The European Parliament, the Council and the European Commission reached a compromise on 27 November 2013 on the directive on minimum requirements for enhancing worker mobility by improving the acquisition and preservation of supplementary pension rights. COREPER endorsed the text on 4 December 2013 and the Employment Committee of the European Parliament adopted the text on 9 December 2013. The Directive does not cover, what is often called "portability" of supplementary pensions, i.e. the possibility of keeping pension entitlements by transferring them to a new scheme in the event of professional mobility. However, the agreed Directive sets out certain rights and obligations for members of supplementary pension schemes.

The directive relates to a European Commission proposal dating back to 2005 on which the Parliament adopted its first reading in 2007. Since then, the proposal has remained blocked in the Council. In 2012 the European Council called for the sustainability of pension systems to be improved and for the acquisition and preservation of supplementary pension rights of mobile workers to be strengthened. Following this request, the Cyprus, Irish and Lithuanian Presidencies have resumed work on the directive. The new rules will be based on Article 46 of the Treaty on the Functioning of the EU (free movement of workers).

Main features of the agreed directive:

  • the directive focuses on cases of labour mobility between Member States only. The Council and the Commission have however added a statement to the minutes of the Council to ensure equal treatment of internally and externally mobile workers. This is up to the Member State. The directive applies to supplementary pension schemes apart from the schemes covered by Regulation 883/2004 and shall only apply to periods of employment falling after its implementation;
  • the directive defined the principle of “outgoing worker” as an active scheme member whose current employment relationship terminates for reasons other than becoming eligible for a supplementary pension, and who moves between Member States;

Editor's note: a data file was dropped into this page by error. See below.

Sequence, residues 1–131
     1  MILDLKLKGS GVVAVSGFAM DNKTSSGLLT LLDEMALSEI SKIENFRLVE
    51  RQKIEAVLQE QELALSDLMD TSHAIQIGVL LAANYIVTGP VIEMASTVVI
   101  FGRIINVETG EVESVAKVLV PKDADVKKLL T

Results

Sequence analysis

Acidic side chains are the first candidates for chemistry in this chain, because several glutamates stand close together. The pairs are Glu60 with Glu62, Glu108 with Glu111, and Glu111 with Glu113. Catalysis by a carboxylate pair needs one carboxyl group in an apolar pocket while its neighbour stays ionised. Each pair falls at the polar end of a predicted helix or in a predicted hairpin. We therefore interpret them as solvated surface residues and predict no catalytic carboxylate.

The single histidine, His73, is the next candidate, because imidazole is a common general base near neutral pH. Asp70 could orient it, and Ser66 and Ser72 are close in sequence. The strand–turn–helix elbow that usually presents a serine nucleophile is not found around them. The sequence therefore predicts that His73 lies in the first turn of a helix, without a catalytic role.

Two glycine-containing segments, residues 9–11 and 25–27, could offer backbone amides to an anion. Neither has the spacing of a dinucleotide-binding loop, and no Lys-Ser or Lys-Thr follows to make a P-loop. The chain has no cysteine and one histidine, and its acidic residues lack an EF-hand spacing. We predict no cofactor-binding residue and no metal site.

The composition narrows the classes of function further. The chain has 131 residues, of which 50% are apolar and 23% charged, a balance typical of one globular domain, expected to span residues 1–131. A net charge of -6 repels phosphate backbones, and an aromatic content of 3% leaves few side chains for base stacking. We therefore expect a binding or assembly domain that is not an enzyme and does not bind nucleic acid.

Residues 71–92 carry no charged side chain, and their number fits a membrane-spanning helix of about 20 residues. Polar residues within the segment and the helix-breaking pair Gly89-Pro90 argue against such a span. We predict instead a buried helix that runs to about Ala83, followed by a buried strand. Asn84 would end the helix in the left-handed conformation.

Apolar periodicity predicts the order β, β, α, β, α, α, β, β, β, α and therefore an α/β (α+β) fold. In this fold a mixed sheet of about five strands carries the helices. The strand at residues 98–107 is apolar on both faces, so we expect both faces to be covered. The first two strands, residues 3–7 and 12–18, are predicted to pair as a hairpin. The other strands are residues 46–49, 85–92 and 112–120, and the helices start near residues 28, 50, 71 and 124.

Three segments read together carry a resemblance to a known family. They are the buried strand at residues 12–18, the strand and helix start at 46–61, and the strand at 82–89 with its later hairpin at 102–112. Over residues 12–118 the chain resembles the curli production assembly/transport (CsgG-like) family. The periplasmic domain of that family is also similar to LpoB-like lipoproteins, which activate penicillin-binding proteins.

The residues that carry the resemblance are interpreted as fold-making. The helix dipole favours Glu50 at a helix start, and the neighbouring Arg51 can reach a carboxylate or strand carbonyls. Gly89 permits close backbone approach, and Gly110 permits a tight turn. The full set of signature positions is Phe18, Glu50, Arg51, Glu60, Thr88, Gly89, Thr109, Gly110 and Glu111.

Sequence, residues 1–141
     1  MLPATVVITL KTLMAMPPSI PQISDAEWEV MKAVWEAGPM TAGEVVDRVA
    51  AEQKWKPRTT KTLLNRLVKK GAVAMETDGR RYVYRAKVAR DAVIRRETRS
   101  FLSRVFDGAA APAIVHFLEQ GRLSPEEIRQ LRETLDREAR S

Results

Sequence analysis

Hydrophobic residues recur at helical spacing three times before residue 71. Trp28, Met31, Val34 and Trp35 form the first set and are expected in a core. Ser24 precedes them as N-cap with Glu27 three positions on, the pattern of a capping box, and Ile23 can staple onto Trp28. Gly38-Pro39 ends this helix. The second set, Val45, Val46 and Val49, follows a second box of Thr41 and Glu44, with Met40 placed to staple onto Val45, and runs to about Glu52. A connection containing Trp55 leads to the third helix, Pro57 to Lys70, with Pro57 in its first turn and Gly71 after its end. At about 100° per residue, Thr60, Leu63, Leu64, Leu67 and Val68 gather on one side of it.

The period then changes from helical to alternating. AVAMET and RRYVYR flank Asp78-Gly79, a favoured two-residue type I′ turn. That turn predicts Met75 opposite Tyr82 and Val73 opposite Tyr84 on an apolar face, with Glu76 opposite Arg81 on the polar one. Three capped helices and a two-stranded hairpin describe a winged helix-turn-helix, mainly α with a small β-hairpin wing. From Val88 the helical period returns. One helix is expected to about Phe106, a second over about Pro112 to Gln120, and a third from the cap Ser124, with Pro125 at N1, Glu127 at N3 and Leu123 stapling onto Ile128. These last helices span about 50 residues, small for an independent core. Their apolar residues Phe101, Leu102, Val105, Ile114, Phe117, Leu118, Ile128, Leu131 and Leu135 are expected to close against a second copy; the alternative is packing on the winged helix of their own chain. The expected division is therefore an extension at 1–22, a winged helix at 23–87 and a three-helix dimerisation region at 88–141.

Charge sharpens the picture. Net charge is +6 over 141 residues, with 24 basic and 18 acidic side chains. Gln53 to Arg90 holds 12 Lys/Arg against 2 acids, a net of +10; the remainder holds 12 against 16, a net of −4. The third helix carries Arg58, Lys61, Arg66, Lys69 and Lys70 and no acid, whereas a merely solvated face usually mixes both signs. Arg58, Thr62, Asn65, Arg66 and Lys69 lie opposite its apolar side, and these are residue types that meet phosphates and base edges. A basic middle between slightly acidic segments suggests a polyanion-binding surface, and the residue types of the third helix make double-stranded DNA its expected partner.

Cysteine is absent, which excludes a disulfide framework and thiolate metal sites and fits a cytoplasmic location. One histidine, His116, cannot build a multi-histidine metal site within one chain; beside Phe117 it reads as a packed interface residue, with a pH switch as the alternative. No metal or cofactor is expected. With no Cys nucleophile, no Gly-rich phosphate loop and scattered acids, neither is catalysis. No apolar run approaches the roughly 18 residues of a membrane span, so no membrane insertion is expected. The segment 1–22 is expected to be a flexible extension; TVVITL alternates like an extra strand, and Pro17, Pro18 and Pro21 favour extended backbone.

• any vesting periods and/or waiting periods (combined) are limited to a maximum of three years;
  • the minimum age for starting the vesting of pension rights, may not exceed 21 years;
  • where a worker has not yet acquired vested pension rights when the employment relationship ends, the supplementary pension scheme shall reimburse the contributions paid by the outgoing worker, or paid on behalf of the outgoing worker;
  • Member States must ensure that outgoing workers’ dormant pension rights or their values are treated in line with the value of the rights of active scheme members, or the development of pension benefits currently in payment, or by other means, such as: safeguarding the nominal value of the rights or adjusting the value of the dormant rights.
  • The Member States must ensure that active scheme members can obtain on request information on how a termination of employment would affect their supplementary pension rights. Furthermore, Member States shall ensure that deferred beneficiaries can obtain on request information regarding the value of their dormant rights or an assessment of the dormant pension rights carried out no more than 12 months preceding the date of the request and the conditions governing the treatment of dormant pension right. A Member State may request that an outgoing worker notifies his/her scheme in case of moving to another Member State.
  • In various parts of the text, the role of the social partners is referred to. Implementation of the provisions set out in this directive can be delegated to social partners, as long as provisions implemented by them do not offer less favorable protection and do not create obstacles to the freedom of movement.
  • The text mentions that Member States shall adopt the Directive no later than 4 years after the date of entry into force.